BWW Review: SATURDAY NIGHT FEVER at WBTPublished: Friday, September 30, 2016 By: Kathryn Kitt Source: BroadwayWorld
First of all, I am a huge advocate of the Westchester Broadway Theatre and the variety of musicals that are staged there. The concept of "Dinner Theatre" is such a fun, lively experience and sitting sort of "in the round" while being served food and drinks is quite special. With that being said, Saturday Night Fever, the musical itself seemed a bit uneven with the transitions from dialogue to musical numbers. However, it was a fun trip down memory lane and I laud the production values and the performances of the hardworking talent of the cast.
When Saturday Night Fever premiered in 1976, the movie put John Travolta on the map as a screen presence with unbelievable charisma and dancing talent. There truly has not been another actor/dancer quite like him. The movie displayed a combination of John Travolta's signature dance moves, white disco suit and the Bee Gee's soundtrack which became the best-selling soundtrack of all time.
It certainly makes sense that producers would want to make a Broadway Musical out of this, seeing as the movie itself played out like one. In this particular production at Westchester Broadway Theatre, the stage was set to showcase Brooklyn in the 70's, using the various levels of the stage to convey "2001 Space Odyssey," the disco where Tony Manero and his Brooklyn pals hung out, Tony's house where he lives with his parents and his younger sister, and the Brooklyn Bridge as a backdrop. Michael Bottari and Ronald Case make the transitions continuous with their creative and multi-leveled set design. Mr. Bottari and Mr. Case were the costume designers as well, and, they were outstanding, harkening back to the era of Bell Bottoms and Polyester, the costumes were most lovingly designed.
Richard Stafford has directed and choreographed his actors with dedication to the era. The musical numbers are quite energetic and the dancing is impressive with high energy. I almost think the show did not need the actual story, but could just have had the musical numbers by themselves. The script is not strong enough to keep interest during the non-musical numbers. However, Andrew Gmoser's effective lighting design gave contrast to the dark scenes on the Brooklyn Bridge and to the bright popping scenes at the Odyssey.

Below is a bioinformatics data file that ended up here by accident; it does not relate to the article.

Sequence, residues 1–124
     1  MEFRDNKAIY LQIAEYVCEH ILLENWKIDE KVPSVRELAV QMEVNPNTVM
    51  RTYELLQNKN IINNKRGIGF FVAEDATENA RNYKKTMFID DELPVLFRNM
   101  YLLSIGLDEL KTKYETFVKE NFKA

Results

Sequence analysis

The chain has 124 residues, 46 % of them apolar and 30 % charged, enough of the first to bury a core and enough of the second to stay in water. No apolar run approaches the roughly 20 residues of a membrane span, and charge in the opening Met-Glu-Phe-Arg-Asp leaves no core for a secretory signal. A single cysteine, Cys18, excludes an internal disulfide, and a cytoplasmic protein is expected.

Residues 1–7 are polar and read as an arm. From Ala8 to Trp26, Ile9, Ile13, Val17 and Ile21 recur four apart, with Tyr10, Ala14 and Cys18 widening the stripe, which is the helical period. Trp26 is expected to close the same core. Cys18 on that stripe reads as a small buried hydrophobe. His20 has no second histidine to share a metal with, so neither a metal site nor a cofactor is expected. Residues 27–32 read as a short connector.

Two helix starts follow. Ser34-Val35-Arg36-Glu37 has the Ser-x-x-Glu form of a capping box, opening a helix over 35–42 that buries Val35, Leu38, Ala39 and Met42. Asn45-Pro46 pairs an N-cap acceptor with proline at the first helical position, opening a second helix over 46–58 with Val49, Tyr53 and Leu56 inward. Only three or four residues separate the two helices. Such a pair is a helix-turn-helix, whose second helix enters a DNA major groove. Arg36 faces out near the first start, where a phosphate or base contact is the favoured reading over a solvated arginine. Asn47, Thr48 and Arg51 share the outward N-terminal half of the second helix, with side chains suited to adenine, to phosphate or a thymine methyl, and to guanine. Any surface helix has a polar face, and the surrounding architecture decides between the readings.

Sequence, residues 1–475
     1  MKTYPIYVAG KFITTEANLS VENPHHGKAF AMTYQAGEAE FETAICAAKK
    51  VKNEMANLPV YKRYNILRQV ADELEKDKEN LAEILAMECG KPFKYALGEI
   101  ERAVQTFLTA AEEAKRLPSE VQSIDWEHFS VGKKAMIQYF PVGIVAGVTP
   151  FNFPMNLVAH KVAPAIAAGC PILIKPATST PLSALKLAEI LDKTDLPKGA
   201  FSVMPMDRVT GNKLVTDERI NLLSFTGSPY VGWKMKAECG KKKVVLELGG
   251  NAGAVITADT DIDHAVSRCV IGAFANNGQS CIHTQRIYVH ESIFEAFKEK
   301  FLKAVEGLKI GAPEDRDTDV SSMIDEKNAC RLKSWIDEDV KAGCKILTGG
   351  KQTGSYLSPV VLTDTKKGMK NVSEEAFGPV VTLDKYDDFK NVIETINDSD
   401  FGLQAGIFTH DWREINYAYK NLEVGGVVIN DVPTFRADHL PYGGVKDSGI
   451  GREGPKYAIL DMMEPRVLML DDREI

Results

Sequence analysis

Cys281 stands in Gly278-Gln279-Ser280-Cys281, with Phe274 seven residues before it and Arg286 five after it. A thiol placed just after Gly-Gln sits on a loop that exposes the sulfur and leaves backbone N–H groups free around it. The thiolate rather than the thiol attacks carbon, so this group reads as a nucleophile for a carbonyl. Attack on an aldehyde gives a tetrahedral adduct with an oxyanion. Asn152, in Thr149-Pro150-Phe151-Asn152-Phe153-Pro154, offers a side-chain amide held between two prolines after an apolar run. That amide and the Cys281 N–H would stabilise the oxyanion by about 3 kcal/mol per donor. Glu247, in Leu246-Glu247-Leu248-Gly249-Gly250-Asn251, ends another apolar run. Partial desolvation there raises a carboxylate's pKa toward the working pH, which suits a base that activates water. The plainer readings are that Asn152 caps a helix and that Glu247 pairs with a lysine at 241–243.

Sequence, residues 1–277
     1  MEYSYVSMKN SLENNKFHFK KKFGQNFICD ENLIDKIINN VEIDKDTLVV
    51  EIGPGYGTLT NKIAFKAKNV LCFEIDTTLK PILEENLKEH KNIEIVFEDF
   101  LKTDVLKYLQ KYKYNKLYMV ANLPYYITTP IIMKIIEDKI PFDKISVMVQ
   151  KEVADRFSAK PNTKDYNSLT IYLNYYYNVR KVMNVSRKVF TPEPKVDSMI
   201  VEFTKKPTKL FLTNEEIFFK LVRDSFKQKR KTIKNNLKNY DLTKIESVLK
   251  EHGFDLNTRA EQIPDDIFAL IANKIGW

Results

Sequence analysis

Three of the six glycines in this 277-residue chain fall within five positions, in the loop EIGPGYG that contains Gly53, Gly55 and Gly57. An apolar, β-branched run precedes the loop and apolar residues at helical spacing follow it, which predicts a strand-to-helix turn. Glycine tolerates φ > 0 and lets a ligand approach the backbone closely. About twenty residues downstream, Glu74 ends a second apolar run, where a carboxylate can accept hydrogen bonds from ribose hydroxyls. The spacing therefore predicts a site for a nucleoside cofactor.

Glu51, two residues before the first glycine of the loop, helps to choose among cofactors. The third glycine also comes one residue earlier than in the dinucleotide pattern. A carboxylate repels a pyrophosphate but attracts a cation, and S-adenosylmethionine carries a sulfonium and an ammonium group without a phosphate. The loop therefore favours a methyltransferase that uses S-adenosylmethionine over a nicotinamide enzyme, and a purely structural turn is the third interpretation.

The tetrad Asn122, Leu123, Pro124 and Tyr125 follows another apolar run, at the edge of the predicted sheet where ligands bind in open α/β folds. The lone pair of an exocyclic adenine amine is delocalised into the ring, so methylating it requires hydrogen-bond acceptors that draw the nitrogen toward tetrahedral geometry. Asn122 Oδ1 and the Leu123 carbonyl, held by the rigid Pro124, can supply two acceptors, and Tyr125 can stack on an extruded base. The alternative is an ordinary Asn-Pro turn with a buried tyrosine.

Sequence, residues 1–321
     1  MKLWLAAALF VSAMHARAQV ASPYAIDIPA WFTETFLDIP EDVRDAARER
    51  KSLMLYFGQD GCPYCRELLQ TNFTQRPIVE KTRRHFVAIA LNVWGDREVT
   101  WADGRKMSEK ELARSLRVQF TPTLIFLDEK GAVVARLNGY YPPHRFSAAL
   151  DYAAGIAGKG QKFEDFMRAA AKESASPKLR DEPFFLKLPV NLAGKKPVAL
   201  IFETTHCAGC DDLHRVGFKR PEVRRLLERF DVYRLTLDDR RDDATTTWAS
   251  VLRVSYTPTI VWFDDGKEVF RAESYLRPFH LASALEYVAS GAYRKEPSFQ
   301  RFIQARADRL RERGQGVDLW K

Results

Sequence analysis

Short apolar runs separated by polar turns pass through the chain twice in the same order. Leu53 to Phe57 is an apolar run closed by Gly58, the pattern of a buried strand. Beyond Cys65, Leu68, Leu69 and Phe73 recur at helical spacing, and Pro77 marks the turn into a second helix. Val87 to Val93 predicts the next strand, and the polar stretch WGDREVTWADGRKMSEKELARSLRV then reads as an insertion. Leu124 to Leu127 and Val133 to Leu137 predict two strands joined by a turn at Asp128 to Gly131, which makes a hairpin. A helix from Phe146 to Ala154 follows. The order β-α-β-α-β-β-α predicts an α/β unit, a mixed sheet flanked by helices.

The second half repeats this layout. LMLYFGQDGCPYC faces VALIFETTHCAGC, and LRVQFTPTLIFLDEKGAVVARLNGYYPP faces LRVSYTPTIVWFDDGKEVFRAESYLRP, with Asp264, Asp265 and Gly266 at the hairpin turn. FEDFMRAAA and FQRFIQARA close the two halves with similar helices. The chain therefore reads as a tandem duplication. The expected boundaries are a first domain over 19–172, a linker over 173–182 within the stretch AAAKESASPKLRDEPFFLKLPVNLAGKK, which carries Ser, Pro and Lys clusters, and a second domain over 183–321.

Ryan Edward Wise strongly directed the singers who sounded effortless. The harmonies and vocal techniques made the Bee Gee's songs sound almost operatic. Stripping down the disco beats, songs like "If I Can't Have You" and "Tragedy" were sung with a "power ballad" style.
Jacob Tischler as Tony Manero played the role with heart and sang with impressive vocals. He was not merely a John Travolta impersonator. The dancing was acrobatic but Mr. Tischler was effortless in his execution. He also displayed wonderful chemistry with Alexandra Matteo, who played Stephanie Mangano. Both actors are true triple threats and their final dance number, complete with his white suit and her off -the –shoulder dress was visually and technically breathtaking.
Gianna Yanelli brought pathos to Annette, the young awkward woman who pines for Tony. Because this is a family-friendly show, some of the "R" rated aspects of her story with Tony were watered down.
Pat McRoberts and Michelle Dawson added some comic flair as the DJ and Candy, the club singer. They provided background singing in the dance numbers if "You Should be Dancing" and "Night Fever." The ensemble was cohesive and performed with enormous energy.
Ultimately, Saturday Night Fever is a lot of fun, regardless of the slow pace of the acting scenes. This is not the fault of the performers or the creative team, but I would have preferred the book to be stronger. In any case, the music, costumes, lighting, and staging make it an enjoyable night at the theater.
Saturday Night Fever plays through November 27 and then December 19 through January 29, 2017. Information and tickets at 914-592-2222 or broadwaytheatre.com.